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updating outlets to gfi in a 1930's house with old nm wiring

updating outlets to gfi in a 1930's house with old nm wiring

Old 10-22-03, 11:06 AM
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updating outlets to gfi in a 1930's house with old nm wiring

I own a 1937 house with old NM brown jacketed cable (2 wire one with a black stripe the other solid). I am in the process of updating my outlets with GFI's and 3 prong outlets downstream of the GFI with all the required marking for this installation without a ground required by code.

I'm in the process of trying to find the line/load so I can install the GFI outlet properly and over this past weekend I have uncovered the following conditions. In a few locations i have found the end of the run (2 wires coming in the box) but in the middle of the run I have found 6 wires and on one outlet 9. (From my research I was expecting to find only 4 wires.) Of the 6 coming into the box 2 have the black stripe and are pigtailed together, 2 are solid and are pigtailed together, another 2 are solid and pigtailed together and on some of the older outlets there is a connector wire connecting 2 of the terminals with the solid wires (on the same side of the outlet). I am confident there is no ground in this system. What is that 3rd pair of wiring? (I think one pair is hot, the other neutral and the 3rd??? I don't know.)

In order to find the line side for the GFI i need to break apart the existing wiring with the pigtails. How do I do this without damaging the existing wiring? (It is taped together and fairly stiff) Once i determine the line side with my voltage tester i assume i can pigtail the load wires together and connect them to the outlet. What is the best way to pigtail this old wiring? Plastic wire connectors or electrical tape?

Can anyone recommend any books for this type of wiring and repair? I have Rex Cauldwell's book "Wiring a House" but it deals mostly with newer houses and not older houses.

I hope someone can help me out there or is it time to call in a professional electrician?

Thanks for your time.
Old 10-23-03, 09:56 AM
Join Date: Sep 2000
Location: Fayetteville, NY, USA
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I don't think you're at the point where you have to call in a pro yet. You're just replacing receptacles. Most homeowners I know do this themselves with little trouble and get pretty expert after doing the first few.

As far as the third pair of wires, it's possible they are just passing through on their way somewhere else. If they are just taped off but not connected to that receptacle that would be the case. Not able to tell you what they are without a voltage test.

Home Depot sells two Sunset books "Basic Wiring" for $11.65 and "Complete Home Wiring" for $17.95. Borders has a very nice offering for $14.95 from Black & Decker books, called "Basic Wiring & Electrical Repairs". For $16.95 they also have, from Alpha Books, "The Complete Idiot's Guide to Electrical Repair". I've looked through all these and found them to have excellent illustrations and color photos of the work, and good step-by-step instructions.

One thing to note about your recep replacement. The NEC permits replacing 2-prong receps with 3-prong, in an ungrounded system like yours, under one condition. Each new ungrounded 3-prong recep must have a label that says "No Equipment Ground". Most new GFCIs have a set of tiny stickers in the box and I think that's what they say but I forgot because I'm running a ground to all my receps in my 1877 house and threw all my stickers away.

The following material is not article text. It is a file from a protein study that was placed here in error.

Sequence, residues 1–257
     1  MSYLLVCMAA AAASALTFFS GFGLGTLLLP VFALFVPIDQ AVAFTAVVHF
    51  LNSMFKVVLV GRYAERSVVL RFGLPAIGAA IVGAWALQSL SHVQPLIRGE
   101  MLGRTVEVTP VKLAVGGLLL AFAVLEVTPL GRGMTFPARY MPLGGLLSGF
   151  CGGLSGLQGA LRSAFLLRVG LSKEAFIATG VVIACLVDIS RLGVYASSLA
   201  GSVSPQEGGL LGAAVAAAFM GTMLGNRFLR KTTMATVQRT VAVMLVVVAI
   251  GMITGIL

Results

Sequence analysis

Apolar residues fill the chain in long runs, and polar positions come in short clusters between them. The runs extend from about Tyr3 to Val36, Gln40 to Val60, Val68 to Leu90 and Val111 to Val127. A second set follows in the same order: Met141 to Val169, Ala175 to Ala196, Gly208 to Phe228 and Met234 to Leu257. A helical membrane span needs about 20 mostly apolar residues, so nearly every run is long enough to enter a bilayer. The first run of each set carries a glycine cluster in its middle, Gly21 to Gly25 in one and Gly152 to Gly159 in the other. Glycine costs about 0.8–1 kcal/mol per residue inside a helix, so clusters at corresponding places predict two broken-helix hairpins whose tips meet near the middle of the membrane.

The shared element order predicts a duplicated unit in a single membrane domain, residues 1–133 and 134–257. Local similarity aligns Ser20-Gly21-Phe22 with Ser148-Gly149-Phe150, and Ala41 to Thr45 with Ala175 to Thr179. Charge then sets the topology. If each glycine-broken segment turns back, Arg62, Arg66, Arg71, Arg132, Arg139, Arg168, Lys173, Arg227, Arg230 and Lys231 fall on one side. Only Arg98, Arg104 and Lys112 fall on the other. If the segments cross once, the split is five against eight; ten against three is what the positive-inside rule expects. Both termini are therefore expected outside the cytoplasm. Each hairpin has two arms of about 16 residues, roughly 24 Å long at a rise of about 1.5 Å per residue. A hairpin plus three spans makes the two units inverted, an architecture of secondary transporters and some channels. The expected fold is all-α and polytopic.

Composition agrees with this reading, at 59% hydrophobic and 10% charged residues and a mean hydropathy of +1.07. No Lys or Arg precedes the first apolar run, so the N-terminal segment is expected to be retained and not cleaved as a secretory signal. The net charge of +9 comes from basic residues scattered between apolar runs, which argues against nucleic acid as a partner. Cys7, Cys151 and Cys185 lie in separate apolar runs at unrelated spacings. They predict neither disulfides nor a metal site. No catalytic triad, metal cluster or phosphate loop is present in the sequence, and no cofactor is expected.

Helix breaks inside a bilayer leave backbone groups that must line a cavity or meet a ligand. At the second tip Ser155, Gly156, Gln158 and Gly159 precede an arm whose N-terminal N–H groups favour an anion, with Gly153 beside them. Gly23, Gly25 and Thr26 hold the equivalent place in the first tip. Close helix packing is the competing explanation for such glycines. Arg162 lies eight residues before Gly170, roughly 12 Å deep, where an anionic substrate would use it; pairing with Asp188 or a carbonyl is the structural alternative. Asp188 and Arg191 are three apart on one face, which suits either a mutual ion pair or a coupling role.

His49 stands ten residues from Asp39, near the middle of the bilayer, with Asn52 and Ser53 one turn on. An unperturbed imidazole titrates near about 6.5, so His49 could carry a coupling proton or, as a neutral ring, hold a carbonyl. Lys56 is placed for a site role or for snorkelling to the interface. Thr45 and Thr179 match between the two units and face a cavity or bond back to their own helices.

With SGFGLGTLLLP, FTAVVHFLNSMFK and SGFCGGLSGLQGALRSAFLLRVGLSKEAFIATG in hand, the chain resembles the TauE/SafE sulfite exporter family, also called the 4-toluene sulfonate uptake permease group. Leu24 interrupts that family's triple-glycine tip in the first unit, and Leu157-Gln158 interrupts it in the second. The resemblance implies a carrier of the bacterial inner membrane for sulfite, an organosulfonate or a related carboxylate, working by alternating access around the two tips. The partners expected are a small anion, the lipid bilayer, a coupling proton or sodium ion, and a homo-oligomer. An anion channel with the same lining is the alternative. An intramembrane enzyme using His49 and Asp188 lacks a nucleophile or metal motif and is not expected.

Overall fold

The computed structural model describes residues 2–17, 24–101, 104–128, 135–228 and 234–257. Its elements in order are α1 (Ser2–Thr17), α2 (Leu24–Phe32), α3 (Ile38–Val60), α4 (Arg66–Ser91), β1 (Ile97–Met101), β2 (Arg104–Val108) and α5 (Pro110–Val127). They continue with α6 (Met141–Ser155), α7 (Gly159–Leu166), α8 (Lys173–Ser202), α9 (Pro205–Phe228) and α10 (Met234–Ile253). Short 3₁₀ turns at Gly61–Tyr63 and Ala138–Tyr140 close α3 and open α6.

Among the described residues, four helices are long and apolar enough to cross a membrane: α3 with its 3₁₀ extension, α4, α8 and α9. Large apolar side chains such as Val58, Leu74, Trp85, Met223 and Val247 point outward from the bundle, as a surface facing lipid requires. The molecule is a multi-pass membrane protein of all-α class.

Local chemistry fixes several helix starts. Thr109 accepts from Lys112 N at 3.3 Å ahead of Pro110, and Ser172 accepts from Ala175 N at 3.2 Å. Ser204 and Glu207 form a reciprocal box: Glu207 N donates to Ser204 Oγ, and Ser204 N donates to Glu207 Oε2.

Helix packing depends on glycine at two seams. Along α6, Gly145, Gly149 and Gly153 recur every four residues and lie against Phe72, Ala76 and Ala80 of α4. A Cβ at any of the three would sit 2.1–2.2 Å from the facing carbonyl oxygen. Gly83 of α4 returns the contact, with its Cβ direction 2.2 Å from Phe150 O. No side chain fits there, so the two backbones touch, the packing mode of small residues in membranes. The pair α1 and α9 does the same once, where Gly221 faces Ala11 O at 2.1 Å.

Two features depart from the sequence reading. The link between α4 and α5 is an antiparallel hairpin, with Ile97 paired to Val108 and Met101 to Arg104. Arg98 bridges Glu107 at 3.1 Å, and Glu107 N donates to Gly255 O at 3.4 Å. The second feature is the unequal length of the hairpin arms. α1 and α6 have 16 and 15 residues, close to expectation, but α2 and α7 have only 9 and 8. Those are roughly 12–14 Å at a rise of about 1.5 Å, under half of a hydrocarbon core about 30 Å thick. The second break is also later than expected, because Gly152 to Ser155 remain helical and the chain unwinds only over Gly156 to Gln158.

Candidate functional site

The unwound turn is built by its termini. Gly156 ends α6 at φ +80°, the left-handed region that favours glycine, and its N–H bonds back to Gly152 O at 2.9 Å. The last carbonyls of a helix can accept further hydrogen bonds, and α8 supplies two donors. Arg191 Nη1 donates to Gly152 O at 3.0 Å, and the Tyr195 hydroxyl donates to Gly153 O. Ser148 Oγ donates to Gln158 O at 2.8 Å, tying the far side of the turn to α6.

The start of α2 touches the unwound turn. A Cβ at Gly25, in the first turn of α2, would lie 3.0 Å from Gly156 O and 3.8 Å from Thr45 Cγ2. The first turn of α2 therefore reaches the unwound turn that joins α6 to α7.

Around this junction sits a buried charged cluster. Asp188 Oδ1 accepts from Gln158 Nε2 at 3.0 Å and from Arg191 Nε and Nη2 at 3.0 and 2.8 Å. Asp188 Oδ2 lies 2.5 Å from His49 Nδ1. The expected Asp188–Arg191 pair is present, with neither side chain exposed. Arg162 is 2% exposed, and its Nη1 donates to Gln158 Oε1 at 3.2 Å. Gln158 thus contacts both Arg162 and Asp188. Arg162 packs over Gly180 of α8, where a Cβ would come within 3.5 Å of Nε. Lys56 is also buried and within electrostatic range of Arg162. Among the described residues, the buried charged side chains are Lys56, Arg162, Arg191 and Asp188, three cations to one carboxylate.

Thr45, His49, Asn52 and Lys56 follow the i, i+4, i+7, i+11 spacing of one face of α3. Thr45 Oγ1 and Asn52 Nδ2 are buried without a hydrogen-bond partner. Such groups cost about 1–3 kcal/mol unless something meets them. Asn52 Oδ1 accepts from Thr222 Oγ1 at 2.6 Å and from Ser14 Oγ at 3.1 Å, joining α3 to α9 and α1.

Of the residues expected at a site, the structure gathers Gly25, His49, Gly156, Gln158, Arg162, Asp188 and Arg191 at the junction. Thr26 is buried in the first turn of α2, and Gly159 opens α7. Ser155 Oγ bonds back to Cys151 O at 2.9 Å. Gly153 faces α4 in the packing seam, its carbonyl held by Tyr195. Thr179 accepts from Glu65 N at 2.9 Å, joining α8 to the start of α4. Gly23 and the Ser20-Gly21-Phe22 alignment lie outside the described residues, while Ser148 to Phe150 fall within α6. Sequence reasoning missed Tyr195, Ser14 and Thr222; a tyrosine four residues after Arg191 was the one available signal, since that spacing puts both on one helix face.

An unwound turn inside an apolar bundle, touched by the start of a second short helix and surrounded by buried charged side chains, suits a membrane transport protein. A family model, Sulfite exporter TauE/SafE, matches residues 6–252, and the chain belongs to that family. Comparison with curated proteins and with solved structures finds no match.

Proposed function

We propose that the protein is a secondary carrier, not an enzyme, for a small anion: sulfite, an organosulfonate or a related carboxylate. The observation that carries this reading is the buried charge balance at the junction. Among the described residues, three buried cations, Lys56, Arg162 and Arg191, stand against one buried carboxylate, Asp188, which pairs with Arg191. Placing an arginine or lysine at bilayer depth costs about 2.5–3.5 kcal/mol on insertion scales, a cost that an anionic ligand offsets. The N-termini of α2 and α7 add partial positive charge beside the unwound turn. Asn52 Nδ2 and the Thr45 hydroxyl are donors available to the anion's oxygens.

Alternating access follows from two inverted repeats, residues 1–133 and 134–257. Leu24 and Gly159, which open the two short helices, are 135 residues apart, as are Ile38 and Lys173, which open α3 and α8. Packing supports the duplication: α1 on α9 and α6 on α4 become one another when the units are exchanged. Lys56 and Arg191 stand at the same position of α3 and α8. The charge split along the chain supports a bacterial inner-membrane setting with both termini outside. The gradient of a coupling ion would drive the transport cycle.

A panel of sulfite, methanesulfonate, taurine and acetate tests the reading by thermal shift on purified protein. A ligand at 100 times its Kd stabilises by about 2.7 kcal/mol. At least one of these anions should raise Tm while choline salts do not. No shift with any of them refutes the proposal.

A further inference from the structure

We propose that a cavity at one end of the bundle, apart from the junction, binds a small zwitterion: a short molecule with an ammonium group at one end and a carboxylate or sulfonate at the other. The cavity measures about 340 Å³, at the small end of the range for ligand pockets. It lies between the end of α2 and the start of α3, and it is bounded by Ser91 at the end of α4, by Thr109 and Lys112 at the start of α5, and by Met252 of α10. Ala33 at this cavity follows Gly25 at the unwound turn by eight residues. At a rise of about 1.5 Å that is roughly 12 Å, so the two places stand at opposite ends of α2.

Anyway, this requirement is due to the fact that while you are protected from short circuits, or any leakage from hot to neutral or hot to ground, you are not completely immune from getting a little zing if you're using a grounded tool or appliance with a 3-prong plug and standing in a puddle on your basement floor barefoot! The tool or appliance is not grounded. That's why the warning. Suitably notified of the absent ground anyone plugging into that recep will hopefully use all due precaution. Still, anything more than a little zing and the GFCI will likely trip.

Another thing to note is that if you can determine the very first recep on that circuit (the first one wired from your panel and usually the closest) you can save money by installing a GFCI there and connecting the load side wires to the rest of that circuit. All receps downstream can be regular non-GFCI) 3-prongers and will be GFCI protected by the first one. This is permissible by the NEC and this is why they have a line and a load side. Still, all receps on that circuit are required to have the sticker.

Next thing is terminations and pigtails. First, identify hots & neutrals. I'm guessing the black striped wires are hot but am not sure. Find a reliable ground source and test each wire to ground. Neutral will not give you a reading (0 volts). Now, and I'd guess you know this but I'll say it, hot goes on the brass screws on the recep and neutral goes on the silver screws.

To un-do the pigtails I'd get a firm grip on the insulated part of a group of pigtailed wires with soft-jawed pliers, or fold a small piece of 1/8" rubber or something similar over the insulated part and hold firmly with regular flat-jawed pliers. Now grip the bare twisted-together ends and untwist nice & easy. If you damage that old insulation you're going to have problems. When you go to re-do the pigtails never trust electrical tape alone. Always use wirenuts. Make sure you use the right size too, they're color-coded and the box will tell you how many of what size is permissable. I would guess that in 1935 most if not all of your house wire is #14.

I hope this helps. Let us know how the job worked out for you.


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